2014 NFL Draft: Three Holy Grail Components to Wide Receiver Evaluation
Recently Jon Moore, with a little help from Ryan Rouillard and Coleman Kelly, began to put together a WR database for the RotoViz writers to peruse. (All three of these gentlemen are going to be big time stars in the fantasy writing game if they choose to pursue it long term.)
The database includes every receiver from 2006 onward. While previous research has demonstrated that weight and receiving market share are undervalued at draft time, I thought it would be interesting to show the exact profile of hits versus misses.
I started by dividing the receivers into three categories. Many of the recent receivers I labeled as “unclear” because I didn’t want my preconceived notions about their likelihood for success to bias the results. I rejected them from the sample. I also eliminated undrafted players. The sample then represented 137 players.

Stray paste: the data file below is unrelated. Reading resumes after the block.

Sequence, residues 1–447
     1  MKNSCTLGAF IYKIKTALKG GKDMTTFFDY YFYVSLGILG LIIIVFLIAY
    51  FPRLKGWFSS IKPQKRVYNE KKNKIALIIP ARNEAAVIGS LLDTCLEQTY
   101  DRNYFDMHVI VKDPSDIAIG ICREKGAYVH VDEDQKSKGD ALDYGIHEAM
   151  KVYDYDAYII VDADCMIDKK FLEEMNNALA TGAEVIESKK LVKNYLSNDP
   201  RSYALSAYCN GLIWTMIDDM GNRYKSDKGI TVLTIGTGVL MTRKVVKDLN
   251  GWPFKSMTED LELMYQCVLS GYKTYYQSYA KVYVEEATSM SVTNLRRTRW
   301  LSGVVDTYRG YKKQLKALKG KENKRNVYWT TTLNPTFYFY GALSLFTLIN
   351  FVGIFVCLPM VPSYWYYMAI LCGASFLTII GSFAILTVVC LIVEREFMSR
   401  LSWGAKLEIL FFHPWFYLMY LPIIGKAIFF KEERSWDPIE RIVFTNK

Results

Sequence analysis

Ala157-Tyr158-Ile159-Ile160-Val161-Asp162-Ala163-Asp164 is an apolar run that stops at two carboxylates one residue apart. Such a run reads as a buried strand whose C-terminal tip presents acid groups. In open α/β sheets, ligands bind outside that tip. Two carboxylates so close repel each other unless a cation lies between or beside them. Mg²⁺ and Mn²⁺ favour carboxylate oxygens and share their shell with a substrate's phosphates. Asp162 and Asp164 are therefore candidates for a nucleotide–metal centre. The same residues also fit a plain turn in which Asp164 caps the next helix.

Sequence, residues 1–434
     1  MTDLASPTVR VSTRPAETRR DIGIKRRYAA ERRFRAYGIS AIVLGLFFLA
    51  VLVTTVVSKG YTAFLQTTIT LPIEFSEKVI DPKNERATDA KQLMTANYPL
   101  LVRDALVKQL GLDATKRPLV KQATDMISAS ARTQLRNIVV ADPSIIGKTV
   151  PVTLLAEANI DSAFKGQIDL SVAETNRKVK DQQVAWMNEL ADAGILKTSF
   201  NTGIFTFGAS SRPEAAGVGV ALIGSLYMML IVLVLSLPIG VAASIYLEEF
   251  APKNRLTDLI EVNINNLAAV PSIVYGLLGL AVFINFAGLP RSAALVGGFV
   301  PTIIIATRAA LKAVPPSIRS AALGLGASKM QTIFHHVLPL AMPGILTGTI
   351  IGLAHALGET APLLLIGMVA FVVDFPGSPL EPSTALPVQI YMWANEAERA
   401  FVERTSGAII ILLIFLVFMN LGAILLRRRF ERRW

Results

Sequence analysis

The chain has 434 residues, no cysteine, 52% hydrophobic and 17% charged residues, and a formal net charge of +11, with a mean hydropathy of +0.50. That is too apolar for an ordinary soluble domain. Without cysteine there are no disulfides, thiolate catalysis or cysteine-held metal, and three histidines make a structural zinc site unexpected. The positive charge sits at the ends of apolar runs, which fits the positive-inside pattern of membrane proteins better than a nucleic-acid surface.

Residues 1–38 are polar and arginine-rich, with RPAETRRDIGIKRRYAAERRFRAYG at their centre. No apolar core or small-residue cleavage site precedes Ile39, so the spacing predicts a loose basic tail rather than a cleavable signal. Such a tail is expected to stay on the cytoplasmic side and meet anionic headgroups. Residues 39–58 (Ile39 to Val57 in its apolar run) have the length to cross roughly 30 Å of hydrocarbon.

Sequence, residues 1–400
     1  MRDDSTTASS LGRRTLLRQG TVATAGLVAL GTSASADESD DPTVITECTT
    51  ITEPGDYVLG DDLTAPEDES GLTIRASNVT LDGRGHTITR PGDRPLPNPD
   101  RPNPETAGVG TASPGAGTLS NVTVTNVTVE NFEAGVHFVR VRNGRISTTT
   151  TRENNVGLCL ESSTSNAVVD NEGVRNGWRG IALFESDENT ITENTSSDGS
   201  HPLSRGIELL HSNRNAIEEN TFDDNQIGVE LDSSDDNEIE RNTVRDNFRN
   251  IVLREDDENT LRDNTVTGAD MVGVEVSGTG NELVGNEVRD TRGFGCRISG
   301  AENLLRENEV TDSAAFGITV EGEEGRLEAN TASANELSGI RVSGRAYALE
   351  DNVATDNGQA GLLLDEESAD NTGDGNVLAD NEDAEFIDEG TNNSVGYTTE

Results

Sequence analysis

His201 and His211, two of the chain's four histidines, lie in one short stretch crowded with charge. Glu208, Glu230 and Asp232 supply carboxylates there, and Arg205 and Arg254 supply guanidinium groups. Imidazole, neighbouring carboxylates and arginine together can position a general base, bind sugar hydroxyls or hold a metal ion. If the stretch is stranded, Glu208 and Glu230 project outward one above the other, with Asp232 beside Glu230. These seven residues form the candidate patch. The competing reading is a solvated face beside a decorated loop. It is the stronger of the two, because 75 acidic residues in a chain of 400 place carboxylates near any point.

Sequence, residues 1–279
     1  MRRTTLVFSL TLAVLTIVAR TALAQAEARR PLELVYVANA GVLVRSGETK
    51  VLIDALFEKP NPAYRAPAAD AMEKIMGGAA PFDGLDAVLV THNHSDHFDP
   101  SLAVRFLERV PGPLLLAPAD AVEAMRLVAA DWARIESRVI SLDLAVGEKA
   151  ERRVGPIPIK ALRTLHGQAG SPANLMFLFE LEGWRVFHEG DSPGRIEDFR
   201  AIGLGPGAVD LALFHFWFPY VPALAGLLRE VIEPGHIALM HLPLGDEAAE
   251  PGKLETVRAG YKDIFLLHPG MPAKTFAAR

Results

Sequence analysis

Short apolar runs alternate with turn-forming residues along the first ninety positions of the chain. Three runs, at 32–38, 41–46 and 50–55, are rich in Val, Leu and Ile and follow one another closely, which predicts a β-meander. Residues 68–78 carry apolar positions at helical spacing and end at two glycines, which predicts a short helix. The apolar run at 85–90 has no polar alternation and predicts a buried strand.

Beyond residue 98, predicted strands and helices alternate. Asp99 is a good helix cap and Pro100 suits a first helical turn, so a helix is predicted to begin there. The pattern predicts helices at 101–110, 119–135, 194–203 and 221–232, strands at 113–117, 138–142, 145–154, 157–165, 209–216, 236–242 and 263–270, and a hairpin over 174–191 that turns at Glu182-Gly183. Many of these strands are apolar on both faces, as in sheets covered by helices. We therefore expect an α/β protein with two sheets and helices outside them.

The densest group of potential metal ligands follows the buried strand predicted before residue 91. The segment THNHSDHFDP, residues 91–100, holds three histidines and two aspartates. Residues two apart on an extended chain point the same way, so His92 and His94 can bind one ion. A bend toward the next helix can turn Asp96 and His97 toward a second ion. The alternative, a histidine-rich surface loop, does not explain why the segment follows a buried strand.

Although we’ll go into great detail on a variety of target-related stats later in the offseason, I’m looking at very simple things for this first pass through the data. For physical traits, I inspected height, weight, age, 40, and vertical. For on-field performance, I used the Dominator Rating or a player’s market share of his team’s receiving totals. DR is the average of market share touchdowns and market share yardage. (While they end up not making a big impact in the final analysis, I also included my combined metric for athleticism, the Height-adjusted Speed Score, as well as Red Zone TD Rate.)
Even to an arch-skeptic of scouting, these results are beyond shocking. Let me break it down.
- Busts are actually faster than their successful counterparts. This doesn’t mean that speed is unimportant as we’ll see in a minute. It just means it’s slightly overvalued.